Many critics have already been praising David Fincher‘s “The Social Network”, but then again, when haven’t they praised one of his films? The deservedly semi-forgotten “Panic Room” notwithstanding, Fincher’s recent work has been grossly overrated in my opinion, the most befuddling example being “The Curious Case of Benjamin Button”. So I wasn’t sure if I should trust the advance buzz on his latest, but it turns out that “The Social Network” is indeed a great picture, the first one by the filmmaker since “Fight Club” that pops with the same kind of energy and humor. I’d go as far as saying that “The Social Network” just might define this moment in time the same way “Fight Club” did for the late 1990s.

Adapted from Ben Mezrich‘s “The Accidental Billionaires”, Fincher’s film is a dramatized version of the story of how, while a student at Harvard in 2004, 20-year-old Mark Zuckerberg (Jesse Eisenberg) created the social networking site Facebook which, as you know, went on to become a worldwide phenomenon, with more than 500 millions users. The story of the world’s youngest billionaire could have been triumphant, but the way it’s presented here, it seems more like it’s about how one seemingly needs to sell his soul and stab people in the back to reach such a high-level of success in the cutthroat business world.

Driven by a dark undercurrent of greed, ambition, envy, arrogance and pettiness, Aaron Sorkin‘s screenplay takes something as innocuous as Facebook and convinces us that it’s a symbol for the obsessively individualistic tendencies displayed by so many people in this era. Sorkin also brilliantly captures how some of today’s young people behave around each other, be they computer nerds, frat guys or rich kids. At the same time, the film elevates their struggles and conflicts to make them feel nearly Shakespearean. Like me, you might have thought that making a movie about Facebook was kind of a silly idea, but I’m telling you, “The Social Network” is taut, riveting storytelling. It’s been compared to “Cititzen Kane”, of all things, and there’s actually something to it. And it’s funny, too! Full of snappy, rapid-fire dialogue, it almost feels like a 1940 screwball comedy at times.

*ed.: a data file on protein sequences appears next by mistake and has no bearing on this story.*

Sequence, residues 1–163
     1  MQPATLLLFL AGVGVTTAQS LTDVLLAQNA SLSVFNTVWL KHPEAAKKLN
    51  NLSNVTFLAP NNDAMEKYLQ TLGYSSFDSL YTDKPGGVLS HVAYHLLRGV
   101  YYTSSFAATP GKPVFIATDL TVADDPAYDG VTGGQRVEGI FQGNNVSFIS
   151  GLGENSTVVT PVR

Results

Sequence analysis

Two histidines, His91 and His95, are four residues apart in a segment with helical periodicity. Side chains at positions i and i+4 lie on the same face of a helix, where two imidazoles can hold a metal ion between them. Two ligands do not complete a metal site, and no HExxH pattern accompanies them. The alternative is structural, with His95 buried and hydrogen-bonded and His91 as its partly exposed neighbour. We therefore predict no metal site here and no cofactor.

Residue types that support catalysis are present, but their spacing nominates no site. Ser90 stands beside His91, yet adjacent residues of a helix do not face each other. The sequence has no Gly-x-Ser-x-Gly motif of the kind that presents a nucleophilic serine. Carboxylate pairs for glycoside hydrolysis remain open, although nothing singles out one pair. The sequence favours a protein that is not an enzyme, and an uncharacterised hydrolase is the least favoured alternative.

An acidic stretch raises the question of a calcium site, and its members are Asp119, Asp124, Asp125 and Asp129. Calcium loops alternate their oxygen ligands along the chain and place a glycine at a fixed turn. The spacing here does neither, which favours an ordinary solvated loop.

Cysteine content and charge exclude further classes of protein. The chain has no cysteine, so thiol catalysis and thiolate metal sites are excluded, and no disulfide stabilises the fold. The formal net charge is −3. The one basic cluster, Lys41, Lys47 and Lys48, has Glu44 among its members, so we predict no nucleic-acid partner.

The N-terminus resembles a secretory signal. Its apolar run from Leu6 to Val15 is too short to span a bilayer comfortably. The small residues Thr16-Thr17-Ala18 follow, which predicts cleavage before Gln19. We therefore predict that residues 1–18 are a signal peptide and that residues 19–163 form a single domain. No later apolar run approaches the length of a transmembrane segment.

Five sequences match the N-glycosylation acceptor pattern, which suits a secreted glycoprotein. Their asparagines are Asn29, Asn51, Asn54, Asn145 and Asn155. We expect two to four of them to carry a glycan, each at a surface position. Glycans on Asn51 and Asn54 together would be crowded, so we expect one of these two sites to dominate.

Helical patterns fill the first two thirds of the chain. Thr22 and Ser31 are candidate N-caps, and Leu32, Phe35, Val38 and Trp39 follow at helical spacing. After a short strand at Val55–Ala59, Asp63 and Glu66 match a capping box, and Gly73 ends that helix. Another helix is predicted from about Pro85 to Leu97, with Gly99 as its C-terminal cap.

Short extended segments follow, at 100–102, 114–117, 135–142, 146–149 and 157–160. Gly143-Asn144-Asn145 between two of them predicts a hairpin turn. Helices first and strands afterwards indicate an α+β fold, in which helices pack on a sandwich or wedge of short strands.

Visually, Fincher doesn’t show off like he’s often been known to, but this is as perfectly calibrated in every aspect as anything he’s ever directed. Shot with the state-of-the-art Red One camera (the same one Soderbergh’s been using on his last few films), “The Social Network” makes one hell of a case for digital cinema with its extra sharp, high-contrast images. The editing is also impressive, constantly cutting back and forth between the goings-on during the early days of Facebook and hearings years later during which Zuckerberg is confronted by former allies who are now suing him.

And then there’s the score which, if there is any justice, will be rewarded with an Oscar next February. Composed by Nine Inch Nails’ Trent Reznor in collaboration with Atticus Ross, the “Social Network” music is incredibly effective. Sometimes quiet and minimalist, sometimes heavy and explosive, using both rock and electronic sonorities, it makes everything on screen feel more immediate, rousing, atmospheric… It’s hard to believe that save for some NIN cuts on the soundtracks of movies like “Natural Born Killers”, “Lost Highway” and “Man on Fire”, Reznor hadn’t been asked to score a film before. Speaking of music, I also have to mention the use of The Beatles’ Baby You’re A Rich Man as kind of a punchline to the film.

Finally, let’s not forget one of the major reasons why “The Social Network” works so well, and maybe why it will be mainly remembered for the future: the awesome young cast, which could be tomorrow’s A-list. I’ve been a fan of Jesse Einsenberg for quite a while now, and I also gave props to Justin Timberlake‘s acting abilities in the past, but here I was taken as well by the turns by Rooney MaraArmie HammerMax Minghella and especially Andrew Garfield as Eduardo Saverin, who’s sort of the moral anchor of the film.

For all these things, “The Social Network” easily ranks as one of the best films of 2010, and Fincher’s best work this side of “Fight Club” and “Se7en”. Don’t miss it.